The process of making a cannabis tincture is very simple. It’s very much like dissolving sugar in water. The solids break down in the liquid, giving their active compounds into the alcohol-based solution.
Interestingly, the same procedure applies when making marijuana tinctures. The alcohol pulls all the chemicals from the cannabis flowers (trichomes, cannabinoids, terpenes, and flavonoids). Those compounds are then infused into a liquid and can be administered under the tongue or mixed with food and drinks.
The interesting thing about cannabis tinctures is that they gain potency over time. If you store the tincture on your shelves out of sunlight for a couple of months, it will become stronger.
Under the right conditions, this process can be speeded up by placing the alcohol-cannabis solution over very low heat until some of the alcohol evaporates from the mixture. However, this method is not suitable for making tinctures at home due to the risk of explosion.
The Benefits of Cannabis Tinctures
Buying (or making) a cannabis tincture offers a long list of health benefits, as well as some practical perks. To give you an idea of how versatile cannabis tinctures are, here are a few positive effects you can enjoy when you take a THC or CBD tincture:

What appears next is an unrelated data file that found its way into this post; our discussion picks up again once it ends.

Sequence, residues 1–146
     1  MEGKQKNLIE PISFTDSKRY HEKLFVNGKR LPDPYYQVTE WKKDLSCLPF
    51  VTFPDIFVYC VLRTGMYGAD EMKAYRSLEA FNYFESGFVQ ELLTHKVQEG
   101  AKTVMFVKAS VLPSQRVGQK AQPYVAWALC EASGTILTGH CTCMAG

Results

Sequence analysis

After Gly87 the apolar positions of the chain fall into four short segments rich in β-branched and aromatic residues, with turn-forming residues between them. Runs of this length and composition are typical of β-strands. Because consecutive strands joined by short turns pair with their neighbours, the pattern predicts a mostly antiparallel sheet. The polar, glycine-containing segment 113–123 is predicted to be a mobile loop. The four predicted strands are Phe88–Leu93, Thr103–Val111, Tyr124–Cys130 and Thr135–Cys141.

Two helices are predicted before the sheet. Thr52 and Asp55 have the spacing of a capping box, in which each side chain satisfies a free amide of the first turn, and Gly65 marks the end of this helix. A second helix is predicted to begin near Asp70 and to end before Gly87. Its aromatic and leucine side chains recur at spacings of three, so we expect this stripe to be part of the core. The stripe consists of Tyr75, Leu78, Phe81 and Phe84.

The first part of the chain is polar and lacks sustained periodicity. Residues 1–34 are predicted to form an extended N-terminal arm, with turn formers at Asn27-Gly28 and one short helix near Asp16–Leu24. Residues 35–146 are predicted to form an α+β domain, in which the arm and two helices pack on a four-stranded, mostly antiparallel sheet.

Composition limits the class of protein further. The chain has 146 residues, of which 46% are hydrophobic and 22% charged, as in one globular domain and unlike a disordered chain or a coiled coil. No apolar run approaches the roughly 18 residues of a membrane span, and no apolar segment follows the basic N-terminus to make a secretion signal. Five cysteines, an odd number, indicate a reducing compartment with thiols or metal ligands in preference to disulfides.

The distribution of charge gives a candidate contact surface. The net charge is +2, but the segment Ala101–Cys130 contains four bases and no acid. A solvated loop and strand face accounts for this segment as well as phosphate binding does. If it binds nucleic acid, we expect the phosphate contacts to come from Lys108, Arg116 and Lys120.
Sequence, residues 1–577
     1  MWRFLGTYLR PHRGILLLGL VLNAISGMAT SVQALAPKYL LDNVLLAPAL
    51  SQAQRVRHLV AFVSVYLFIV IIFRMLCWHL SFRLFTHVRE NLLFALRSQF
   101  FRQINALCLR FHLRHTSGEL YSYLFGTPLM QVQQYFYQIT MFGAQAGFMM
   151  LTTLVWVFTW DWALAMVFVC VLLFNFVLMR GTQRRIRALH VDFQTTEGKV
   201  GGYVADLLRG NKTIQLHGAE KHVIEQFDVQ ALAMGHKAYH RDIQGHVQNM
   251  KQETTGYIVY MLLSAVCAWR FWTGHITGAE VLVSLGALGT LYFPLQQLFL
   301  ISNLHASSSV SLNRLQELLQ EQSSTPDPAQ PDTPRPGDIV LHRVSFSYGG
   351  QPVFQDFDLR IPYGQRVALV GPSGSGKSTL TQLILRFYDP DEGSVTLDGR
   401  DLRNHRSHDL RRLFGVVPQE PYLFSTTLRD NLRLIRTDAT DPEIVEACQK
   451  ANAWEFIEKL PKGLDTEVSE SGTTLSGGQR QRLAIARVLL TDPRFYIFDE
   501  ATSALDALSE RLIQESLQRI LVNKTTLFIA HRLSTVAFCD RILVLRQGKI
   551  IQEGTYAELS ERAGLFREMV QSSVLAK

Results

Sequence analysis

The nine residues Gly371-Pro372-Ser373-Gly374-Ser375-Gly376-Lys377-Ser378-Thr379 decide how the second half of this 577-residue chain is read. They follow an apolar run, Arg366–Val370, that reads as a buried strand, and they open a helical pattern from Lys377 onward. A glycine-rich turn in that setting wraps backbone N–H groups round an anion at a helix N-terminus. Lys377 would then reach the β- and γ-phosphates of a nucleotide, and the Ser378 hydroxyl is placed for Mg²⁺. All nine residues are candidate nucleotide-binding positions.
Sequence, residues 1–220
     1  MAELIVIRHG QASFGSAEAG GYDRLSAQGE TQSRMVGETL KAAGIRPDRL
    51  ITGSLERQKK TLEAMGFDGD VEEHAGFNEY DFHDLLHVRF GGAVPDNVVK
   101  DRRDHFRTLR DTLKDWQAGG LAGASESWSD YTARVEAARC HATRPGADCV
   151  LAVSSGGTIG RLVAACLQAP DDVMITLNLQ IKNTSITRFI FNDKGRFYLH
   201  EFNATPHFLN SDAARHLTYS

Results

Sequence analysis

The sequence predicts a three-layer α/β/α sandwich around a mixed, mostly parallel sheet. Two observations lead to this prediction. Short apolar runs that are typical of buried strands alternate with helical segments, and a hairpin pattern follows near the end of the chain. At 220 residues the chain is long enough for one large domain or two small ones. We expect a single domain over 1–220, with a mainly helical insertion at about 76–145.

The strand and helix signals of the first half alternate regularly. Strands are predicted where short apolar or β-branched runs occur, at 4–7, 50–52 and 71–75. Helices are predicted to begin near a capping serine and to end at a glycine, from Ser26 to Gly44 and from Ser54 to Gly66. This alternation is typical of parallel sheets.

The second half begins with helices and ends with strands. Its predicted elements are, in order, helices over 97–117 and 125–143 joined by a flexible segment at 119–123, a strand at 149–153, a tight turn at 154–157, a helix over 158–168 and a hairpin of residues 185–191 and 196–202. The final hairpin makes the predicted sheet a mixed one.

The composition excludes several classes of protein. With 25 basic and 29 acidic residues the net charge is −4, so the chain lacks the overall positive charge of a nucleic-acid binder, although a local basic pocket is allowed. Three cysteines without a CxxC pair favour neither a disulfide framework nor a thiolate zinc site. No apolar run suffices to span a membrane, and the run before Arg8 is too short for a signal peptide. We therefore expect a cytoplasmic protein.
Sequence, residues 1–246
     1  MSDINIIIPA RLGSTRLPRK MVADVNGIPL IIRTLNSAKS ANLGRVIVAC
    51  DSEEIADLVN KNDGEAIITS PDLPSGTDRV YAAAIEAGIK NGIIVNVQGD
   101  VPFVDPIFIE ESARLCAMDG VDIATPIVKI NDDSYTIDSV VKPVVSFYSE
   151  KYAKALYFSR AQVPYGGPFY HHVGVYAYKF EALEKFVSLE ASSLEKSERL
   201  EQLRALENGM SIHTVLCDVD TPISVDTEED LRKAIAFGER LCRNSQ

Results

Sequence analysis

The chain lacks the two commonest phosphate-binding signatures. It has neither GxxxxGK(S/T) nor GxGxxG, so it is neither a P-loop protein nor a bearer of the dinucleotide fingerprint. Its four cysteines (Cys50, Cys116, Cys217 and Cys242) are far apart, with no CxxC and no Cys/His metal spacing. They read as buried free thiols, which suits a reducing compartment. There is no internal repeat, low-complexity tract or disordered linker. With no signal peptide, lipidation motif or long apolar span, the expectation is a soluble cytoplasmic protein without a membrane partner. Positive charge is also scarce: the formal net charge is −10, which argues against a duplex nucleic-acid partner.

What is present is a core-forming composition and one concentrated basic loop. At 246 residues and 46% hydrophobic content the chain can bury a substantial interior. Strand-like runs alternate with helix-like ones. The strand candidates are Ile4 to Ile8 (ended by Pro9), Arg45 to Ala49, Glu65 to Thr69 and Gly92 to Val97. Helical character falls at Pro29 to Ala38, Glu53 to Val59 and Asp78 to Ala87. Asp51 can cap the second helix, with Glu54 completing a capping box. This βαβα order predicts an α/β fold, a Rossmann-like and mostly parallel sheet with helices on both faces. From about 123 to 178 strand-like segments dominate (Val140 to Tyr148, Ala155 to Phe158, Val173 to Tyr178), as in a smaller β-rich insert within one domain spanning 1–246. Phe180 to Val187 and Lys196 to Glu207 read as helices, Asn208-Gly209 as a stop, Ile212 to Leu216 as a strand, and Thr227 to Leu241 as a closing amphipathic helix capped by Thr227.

- Tinctures have a fast onset time (when taking tinctures sublingually, you feel the effects faster than any other form of the herb)
- They give you precise control over the dosage
- Tinctures are discreet
- They have a long shelf life
- These extracts are safe
Cannabis tinctures can be sourced from both high-THC and high-CBD flowers. Each of these compounds carries different benefits for medical and recreational users, but generally speaking, a cannabis tincture can relieve the following symptoms and conditions: